The purpose of the present study was to provide a first insight into the use of antibiotics by small animal practitioners in Greece, and a preliminary assessment of the trends of Greek pet veterinarians regarding the rational use of antibiotics in small animal practice as proposed in relevant guidelines contacted in other countries but not in Greece . The information collected aims to inform current efforts towards the development and implementation of Greece’s national plan on AMR. To the best of our knowledge, this is the first survey of its kind in Greece.
Materials and methods
A questionnaire was designed to collect information on the use of antibiotics by veterinarians. The questionnaire was designed to be simple, with few questions so as not to discourage participation. The questionnaire was sent to a total of 70 veterinarians, a convenience sample built from an initial list of pet veterinarians attending the 1st Hellenic One Health forum in Athens in 2018 (n = 30) and extended through a snowball sampling approach, using data provided by the Hellenic Veterinary Association (HVA). The sampling targeted veterinarians mainly operating in the region of Attica (n = 50, 71% of them), a region that comprises almost 50% of the Greek population and where veterinarians are engaged solely in small animal practice, which is the main focus of this study. Small animal veterinarians are approximately 400 in the Attica region (Small Animal Veterinarians of Attica Association, www.skmza.gr), considered to be approximately 40% of the pet veterinarians in the country (source: HVA). The rest (n = 20, 29%) of the veterinarians were selected from other areas of mainland Greece, engaged also solely in small animal practice.
An email was sent to the veterinarians with a cover letter explaining the purpose of the study and including a link to an online questionnaire. The questionnaire could be completed anonymously on a voluntary basis over a period of 2 months.
The questionnaire was written by members of the research team and is consistent with questionnaires used in similar studies in other countries, to allow comparison of the results [18,19,20]. It consists of 37 closed questions. Most of the questions aim to identify the frequency of at which an events of interest, e.g. proportion of antibiotic treatment non-compliance by pet owners (never 0%, sometimes 30%, frequently 70%, always 100%). The first part of the questionnaire (18 questions) gathers personal information about the clinician, antibiotic use in clinical practice, and their postoperative use in surgical procedures. The second part (11 questions) includes questions on the use of different types of antibiotics by group of diseases and organ system; and the third part (8 questions) enquires about the duration of therapeutic protocols. Frequency tables and the Fisher's exact test, to assess the association between years of experience and various aspects of the clinical practice and use of antibiotics, were run in SPSS V.18.0.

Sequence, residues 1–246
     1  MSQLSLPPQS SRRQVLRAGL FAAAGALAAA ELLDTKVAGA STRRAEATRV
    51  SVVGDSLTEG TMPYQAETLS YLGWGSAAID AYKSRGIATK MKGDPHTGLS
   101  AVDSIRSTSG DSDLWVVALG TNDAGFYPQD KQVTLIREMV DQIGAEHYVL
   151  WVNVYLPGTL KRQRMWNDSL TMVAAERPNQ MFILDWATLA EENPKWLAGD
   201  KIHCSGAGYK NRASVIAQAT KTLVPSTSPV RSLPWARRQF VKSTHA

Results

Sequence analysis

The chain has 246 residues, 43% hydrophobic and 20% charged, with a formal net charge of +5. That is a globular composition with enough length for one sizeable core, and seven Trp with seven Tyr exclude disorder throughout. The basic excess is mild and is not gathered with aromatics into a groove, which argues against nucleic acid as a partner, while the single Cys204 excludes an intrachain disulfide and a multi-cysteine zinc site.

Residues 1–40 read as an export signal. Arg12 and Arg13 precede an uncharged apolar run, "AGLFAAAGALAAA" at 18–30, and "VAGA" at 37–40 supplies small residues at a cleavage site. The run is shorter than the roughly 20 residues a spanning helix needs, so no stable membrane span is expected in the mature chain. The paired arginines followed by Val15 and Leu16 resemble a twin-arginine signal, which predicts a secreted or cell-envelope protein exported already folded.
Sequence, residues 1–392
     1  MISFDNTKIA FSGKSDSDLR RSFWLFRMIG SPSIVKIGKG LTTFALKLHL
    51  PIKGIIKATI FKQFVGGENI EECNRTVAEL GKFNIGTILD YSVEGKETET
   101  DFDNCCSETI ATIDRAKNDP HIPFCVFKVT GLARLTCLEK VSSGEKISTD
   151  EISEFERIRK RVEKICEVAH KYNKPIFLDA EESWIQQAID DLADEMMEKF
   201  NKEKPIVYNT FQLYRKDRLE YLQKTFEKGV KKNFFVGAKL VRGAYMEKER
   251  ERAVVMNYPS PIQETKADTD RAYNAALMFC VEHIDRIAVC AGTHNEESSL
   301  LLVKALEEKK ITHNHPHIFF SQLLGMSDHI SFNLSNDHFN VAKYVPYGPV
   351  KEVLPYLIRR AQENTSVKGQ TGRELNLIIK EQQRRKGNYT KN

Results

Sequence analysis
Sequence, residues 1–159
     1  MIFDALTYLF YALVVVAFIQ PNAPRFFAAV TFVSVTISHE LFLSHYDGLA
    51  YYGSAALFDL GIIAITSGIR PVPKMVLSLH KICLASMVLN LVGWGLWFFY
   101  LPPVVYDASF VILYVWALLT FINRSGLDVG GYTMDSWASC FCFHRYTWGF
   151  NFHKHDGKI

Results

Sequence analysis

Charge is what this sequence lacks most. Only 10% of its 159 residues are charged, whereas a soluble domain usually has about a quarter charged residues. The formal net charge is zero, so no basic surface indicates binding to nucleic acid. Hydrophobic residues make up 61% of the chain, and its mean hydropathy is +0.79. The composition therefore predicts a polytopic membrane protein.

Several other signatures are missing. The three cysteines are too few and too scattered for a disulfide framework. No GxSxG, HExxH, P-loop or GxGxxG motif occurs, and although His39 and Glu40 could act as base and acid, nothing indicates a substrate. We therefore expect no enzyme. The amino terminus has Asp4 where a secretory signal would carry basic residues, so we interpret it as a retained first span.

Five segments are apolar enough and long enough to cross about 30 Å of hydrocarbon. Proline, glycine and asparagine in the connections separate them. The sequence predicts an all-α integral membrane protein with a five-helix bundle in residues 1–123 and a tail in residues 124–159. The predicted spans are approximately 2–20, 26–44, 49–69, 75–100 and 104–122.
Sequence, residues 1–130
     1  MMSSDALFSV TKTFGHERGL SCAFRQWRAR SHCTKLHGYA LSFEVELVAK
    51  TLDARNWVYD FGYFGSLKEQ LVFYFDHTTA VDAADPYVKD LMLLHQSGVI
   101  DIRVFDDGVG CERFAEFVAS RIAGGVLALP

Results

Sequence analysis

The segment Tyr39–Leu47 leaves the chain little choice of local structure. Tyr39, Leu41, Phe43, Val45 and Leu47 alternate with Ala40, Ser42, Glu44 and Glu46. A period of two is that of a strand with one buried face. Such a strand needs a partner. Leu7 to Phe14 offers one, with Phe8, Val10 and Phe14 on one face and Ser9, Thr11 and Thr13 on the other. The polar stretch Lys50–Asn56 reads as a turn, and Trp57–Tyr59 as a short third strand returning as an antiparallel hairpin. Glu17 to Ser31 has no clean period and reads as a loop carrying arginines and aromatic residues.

General demographic data
Forty-eight (68.6%) veterinarians responded to the questionnaire; most of them (n = 38, 79% of respondents) come from the Attica region. Tables 1, 2 and 3 show the answers to the three categories of questions. The majority of respondents taking part in the survey (n = 31, 65%) were working in pet clinics with no more than 2 staff veterinarians. At total of 37 (77%) were male. Almost half (n = 21, 44%) were 36–50 years old, two were 25–35 years old and the remaining (n = 25, 52%) were more than 50 years of age. A total of 37 of the respondents (77%) had more than 15 years of professional experience.
Use of antibiotics
Almost half of the veterinarians (n = 22, 46%) answered that they have a written antibiotic policy in their practice. Forty-three respondents (90%) answered that pet-owners already administered antibiotics before they bring the animal to the practice (65% “sometimes”, 25% “frequently”), and every clinician reported treatment compliance challenges. Regarding microbiological analysis and antimicrobial susceptibility testing, 20 respondents (42%) use them “frequently” and 27 (56%) “sometimes”. Only 6 % of the clinicians who make use of such laboratory support declared to ‘always’ wait for the results before prescribing an antibiotic. In a similar question, focusing on what they “prefer” to do (even though they may be forced to do differently in many cases) 13 participants (27%) responded that they prefer not to use antibiotics while awaiting the laboratory results. The remaining 35 participants (73%) prefer to adopt an empirical treatment (i.e. a clinical “educated guess” in the absence of accurate diagnosis) while waiting for the laboratory results or use antibiogram only when the empirical treatment is unsuccessful. Forty-two (88%) clinicians declared to use antimicrobials postoperatively in clean surgical procedures, half of them in more than 50% of the cases. Most of them answered that “this is the typical procedure”.